Metro-East News

St. Clair Township investigating option to take some sewer customers back

The St. Clair Township Board of Trustees discussed options regarding the Swansea-St. Clair Township Sewer Services Contract to improve the deal for township residents at its Tuesday night meeting.

Trustees will not send an invitation to Swansea to reopen negotiations — yet.

Instead, they are investigating a suggestion Township Supervisor Dave Barnes brought up at the March 24 meeting: that the township bring some infrastructure back online that was put out of service in the 1990s. He said “between 1,500 and 1,800 customers” affected by the agreement could be served by the township’s sewer plant instead of Swansea’s if the equipment is reactivated and necessary improvements are made.

Swansea took over billing roughly 3,200 township residents whose waste water is treated by the Swansea sewer plant on March 1. They are charged 1.3 times the rate customers living in Swansea are charged for the service, and they see a $7.34 monthly “transport fee” on their bills. The fee was mandated in the agreement by the township. It is collected by Swansea and returned to the township for maintenance of sewer lines that transport waste water from the township to the Swansea plant.

These residents’ bills increased by an average of $30.50 every two months.

The board decided Tuesday that the township attorneys will look at the contract with Swansea to see if it requires a minimum number of customers to be under Swansea’s billing to make sure taking some customers back would not be a violation. At the same time, township engineers will investigate the capacity of the township sewer plant to make sure it could accommodate additional customers.

Attorney Doug Gruenke, of Bruckert, Gruenke & Long, P.C., explained to the trustees that the board may not need Swansea’s approval or an amendment to the contract to pursue this option.

He said it “would be ideal” to have some information for the board to review by the next meeting but it could take the engineers longer because they have to go out in the field.

Another suggestion brought up at the March 24 meeting that was discussed again Tuesday night was to use reserve sewer funds to credit all township customers because their rates were increased in August 2010 in part because the reserve “was being depleted,” Barnes said in the meeting, and in part because the board believed at the time it would need to pay Swansea for renovations to its sewer plant.

Swansea residents had also been facing higher rates to cover costs resulting from the Swansea plant expansion that the Illinois Environmental Protection Agency mandated in 2008. That expansion was necessary because of population growth within the areas the plant serves, including the township.

Township residents did not contribute at that time because a cost-sharing agreement for the expansion could not be reached between the township and the village. Negotiations went on for about six years before the new 25-year contract was approved.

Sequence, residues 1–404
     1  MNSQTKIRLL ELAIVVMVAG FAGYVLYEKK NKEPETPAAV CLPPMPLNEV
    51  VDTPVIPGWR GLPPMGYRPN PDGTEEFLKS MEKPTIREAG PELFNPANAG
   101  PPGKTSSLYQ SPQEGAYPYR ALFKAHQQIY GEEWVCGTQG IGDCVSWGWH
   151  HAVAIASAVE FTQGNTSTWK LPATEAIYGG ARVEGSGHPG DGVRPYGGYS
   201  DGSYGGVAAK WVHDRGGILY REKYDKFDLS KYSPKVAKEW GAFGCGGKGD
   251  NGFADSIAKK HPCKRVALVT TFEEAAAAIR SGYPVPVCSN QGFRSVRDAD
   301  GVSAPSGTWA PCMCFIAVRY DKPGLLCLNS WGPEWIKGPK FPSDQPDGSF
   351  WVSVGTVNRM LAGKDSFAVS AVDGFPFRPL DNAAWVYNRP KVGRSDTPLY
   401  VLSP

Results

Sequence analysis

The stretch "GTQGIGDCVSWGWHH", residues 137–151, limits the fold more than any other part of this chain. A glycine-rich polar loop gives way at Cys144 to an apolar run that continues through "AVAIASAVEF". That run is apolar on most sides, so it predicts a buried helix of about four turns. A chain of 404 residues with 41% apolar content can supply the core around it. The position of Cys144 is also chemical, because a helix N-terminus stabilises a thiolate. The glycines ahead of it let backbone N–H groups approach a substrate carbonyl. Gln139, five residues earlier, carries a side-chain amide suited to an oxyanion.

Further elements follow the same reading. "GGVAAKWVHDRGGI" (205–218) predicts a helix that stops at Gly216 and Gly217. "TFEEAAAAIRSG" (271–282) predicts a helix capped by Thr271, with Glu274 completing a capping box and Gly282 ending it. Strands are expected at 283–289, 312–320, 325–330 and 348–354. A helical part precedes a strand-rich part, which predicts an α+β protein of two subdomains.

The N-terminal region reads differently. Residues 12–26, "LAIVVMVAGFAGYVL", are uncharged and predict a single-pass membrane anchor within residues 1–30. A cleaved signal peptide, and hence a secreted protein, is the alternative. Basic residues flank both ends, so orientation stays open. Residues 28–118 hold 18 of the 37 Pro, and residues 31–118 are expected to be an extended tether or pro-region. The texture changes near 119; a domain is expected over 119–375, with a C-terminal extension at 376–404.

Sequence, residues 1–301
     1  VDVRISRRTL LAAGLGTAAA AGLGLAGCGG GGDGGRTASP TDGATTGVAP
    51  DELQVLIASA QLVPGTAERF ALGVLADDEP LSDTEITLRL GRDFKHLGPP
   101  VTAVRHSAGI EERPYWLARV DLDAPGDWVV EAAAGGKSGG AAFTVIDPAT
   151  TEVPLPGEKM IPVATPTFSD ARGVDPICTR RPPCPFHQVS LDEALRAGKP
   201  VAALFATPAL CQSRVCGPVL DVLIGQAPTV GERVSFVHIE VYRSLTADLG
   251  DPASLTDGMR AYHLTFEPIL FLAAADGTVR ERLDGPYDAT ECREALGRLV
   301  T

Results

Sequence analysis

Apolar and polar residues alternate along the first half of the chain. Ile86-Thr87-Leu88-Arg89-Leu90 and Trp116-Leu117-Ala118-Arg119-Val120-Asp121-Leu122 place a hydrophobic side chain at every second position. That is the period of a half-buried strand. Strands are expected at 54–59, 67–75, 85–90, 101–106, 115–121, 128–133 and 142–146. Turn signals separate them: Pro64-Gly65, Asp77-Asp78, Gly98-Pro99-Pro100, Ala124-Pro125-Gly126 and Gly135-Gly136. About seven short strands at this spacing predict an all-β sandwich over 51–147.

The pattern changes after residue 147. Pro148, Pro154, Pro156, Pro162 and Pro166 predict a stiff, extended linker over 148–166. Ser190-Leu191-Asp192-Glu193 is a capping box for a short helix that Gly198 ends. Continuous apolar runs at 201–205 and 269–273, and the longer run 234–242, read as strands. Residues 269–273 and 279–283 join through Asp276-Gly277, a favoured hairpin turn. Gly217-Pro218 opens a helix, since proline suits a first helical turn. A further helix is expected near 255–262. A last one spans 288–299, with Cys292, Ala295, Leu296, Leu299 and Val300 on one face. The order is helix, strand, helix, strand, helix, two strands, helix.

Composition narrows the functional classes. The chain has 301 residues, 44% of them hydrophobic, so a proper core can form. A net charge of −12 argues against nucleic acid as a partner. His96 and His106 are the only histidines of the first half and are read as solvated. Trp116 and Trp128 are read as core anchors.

The language of the contract the municipalities agreed upon does not require payment from the township to Swansea.

The “Swansea reserve account” set up in 2011 to pay Swansea after negotiations finished has also been left unused and may be pulled from to credit customers as well, Barnes said.

The trustees have not yet agreed to credit customers. It is an option in the discussion phase.

Trustee Mary Carroll said before the board considers sending a letter of invitation to Swansea again, it needs to develop a plan. Trustee Greg Hipskind suggested holding a public hearing to discuss ideas with residents.

Hipskind also suggested, if a renegotiation process does take place with Swansea, that “we do it in a different manner with a little more oversight.”

“The reason I suggest oversight is because I don’t believe you can accurately do your job,” Hipskind said to Barnes during the meeting.

Hipskind argued the entire board should be involved in the negotiation process.

Barnes contended that “all the time in the world was given for questions to be asked and to be answered” about the negotiations and the contract. He also said a majority is needed to approve contracts, and four of the five trustees voted for approval.

“It is time for you to take responsibility for your actions,” he said.

Trustee Jaynie Wells read to the board from the dispute resolution of the contract, which states that disputes in the agreement have to be submitted to a process of mediation and resolved by alternative dispute resolution.

“Let’s follow the letter of the contract that you wrote,” Wells said. “But first, we need to implement it and in order to implement it, we need to do the things that it says in here we were going to do.”

The contract states that a resolution ordinance is needed to implement the contract.

“We got it and we stuck it somewhere, wherever the contracts go,” Wells said.

Earlier in the meeting, Wells mentioned the trouble she had in locating the contract with Swansea. Trustees discussed filing contracts in a centralized location in the future.

Contact reporter Lexi Cortes at acortes@bnd.com or 618-239-2514.

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